Coping with Alopecia

February 10th, 2012
Coping with Alopecia

While baldness in men is accepted as part and parcel of getting older, the same is not the case with women in the main.

However, baldness does occur in women as a result of alopecia. It’s also something many women find hard to come to terms with. Yet, one lady from Cardiff has now decided to accept her condition with good grace.

Gwennan Thomas first noticed her gradual hair loss after visiting her hairdresser. She was getting her hair styled for her brother’s wedding when the hairdresser noticed a small, yet significant bald patch. On her hairdresser’s advice Gwennan made an appointment to see her doctor who prescribed a antifungal cream, and told her not to worry, but unfortunately it wasn’t particularly effective.

Over time, more bald patches showed up, and eventually Gwennan lost all her hair.

She told reporters: “I knew something wasn’t right so I demanded every kind of test, which, thankfully, all came back negative. I was referred to a dermatologist, but by the time this happened it had been six months since that first patch appeared and I had lost quite a lot of hair.”

Gwennan added: “I remember the words of the consultant dermatologist to this day. He said bluntly, ‘It is alopecia, but it’s too late to do anything about it as the hair loss is now so extensive, nothing can be done… what a shame for a 25-year-old woman.’”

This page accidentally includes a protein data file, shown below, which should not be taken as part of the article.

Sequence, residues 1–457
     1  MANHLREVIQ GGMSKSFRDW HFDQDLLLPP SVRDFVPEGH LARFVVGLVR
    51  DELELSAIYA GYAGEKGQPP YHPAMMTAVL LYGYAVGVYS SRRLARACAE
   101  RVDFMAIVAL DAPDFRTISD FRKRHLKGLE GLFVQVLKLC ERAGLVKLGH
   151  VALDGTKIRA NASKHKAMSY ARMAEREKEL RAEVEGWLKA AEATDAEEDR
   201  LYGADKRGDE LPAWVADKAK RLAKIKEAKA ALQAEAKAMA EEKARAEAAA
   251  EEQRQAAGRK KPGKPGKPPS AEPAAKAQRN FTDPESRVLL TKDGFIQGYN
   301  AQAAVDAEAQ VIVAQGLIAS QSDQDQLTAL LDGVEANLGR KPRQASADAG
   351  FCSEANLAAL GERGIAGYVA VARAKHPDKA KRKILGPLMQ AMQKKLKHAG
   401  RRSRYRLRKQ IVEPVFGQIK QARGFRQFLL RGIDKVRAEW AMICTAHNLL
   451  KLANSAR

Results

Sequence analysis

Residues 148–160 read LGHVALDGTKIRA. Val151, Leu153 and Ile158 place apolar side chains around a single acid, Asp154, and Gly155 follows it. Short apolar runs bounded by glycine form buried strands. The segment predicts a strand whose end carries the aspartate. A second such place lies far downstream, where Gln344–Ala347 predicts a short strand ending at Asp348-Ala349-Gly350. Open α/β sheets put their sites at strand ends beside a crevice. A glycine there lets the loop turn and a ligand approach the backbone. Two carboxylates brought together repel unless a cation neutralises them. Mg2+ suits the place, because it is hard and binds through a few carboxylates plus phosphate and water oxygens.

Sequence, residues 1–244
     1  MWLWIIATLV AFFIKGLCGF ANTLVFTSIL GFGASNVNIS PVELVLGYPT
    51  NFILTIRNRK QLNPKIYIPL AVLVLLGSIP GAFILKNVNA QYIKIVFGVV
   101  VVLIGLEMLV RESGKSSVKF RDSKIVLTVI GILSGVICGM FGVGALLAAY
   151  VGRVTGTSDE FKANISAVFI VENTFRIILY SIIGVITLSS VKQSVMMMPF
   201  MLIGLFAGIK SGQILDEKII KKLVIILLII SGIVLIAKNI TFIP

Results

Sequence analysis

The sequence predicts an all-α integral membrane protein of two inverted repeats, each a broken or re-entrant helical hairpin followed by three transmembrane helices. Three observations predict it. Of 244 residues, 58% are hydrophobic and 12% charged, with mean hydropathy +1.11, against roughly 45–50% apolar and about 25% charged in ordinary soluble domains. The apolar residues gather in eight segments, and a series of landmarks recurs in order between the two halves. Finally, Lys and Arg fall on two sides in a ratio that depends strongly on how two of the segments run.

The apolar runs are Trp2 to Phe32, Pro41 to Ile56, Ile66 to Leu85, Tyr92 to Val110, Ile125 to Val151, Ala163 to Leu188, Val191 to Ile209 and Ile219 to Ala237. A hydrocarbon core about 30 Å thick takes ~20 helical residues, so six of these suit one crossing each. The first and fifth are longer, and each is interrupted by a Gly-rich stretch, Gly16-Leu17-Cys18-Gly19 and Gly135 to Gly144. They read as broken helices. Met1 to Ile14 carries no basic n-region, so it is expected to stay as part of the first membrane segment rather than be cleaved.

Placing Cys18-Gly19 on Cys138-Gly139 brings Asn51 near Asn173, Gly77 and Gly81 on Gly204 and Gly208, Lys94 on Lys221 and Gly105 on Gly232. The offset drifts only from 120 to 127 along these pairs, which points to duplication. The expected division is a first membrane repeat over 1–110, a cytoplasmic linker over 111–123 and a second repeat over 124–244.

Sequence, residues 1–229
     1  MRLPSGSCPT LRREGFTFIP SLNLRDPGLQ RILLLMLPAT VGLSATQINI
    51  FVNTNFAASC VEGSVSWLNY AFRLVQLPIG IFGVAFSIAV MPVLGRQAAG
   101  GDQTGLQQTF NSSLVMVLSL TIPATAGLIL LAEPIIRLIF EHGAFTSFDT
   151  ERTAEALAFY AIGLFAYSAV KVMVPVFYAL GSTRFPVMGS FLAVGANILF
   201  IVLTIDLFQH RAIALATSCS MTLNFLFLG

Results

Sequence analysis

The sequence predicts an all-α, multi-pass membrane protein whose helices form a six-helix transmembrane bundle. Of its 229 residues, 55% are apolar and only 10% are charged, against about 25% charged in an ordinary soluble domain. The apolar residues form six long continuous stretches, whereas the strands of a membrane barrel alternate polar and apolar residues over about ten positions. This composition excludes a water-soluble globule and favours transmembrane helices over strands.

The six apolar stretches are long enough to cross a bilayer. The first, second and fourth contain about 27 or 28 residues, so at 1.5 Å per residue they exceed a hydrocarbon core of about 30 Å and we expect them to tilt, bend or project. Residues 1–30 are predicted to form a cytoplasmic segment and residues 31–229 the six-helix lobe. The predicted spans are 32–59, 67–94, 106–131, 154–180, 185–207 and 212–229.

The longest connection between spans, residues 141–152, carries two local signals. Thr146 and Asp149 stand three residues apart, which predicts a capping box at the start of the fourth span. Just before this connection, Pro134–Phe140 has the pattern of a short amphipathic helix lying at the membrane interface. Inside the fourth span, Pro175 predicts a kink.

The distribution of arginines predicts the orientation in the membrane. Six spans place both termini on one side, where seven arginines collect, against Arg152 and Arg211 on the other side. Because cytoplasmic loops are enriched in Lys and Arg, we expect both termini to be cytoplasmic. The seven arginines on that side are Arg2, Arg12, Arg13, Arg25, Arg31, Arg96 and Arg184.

For Gwennan though the alopecia was not confined to her head of hair, but she lost her eyelashes and eye brows.

“It was awful,” Gwennan said.

“I started to lose my eyebrows and eyelashes too and in someway that was worse than losing my hair. These are features that shape your face, and what you look like and I found it very difficult. I had quite a short hair cut at the time so I decided to shave it all off.

“I actually found that a really liberating experience and at last I felt in control of something that had controlled me for the last six months.”

One of the commonest causes of alopecia is stress, but there can be many more reasons. In Gwennan’s case, she isn’t sure why it has affected her. She has a good job working for Cardiff University and was enjoying her life.

She added: “It could be worse, I’m not ill after all but I know people look at me sometimes and wonder if I’m a cancer victim. I’ve got used to people staring at me now and it doesn’t bother me, but, obviously, it’s taken some time to get used to it.”

After suffering several years of the disorder now, Gwennan has come to terms with it and has even stopped wearing the wigs she wore at the beginning of her condition. She now wouldn’t care if her hair ever grew back and has found much strength and love from her friends and family.

 

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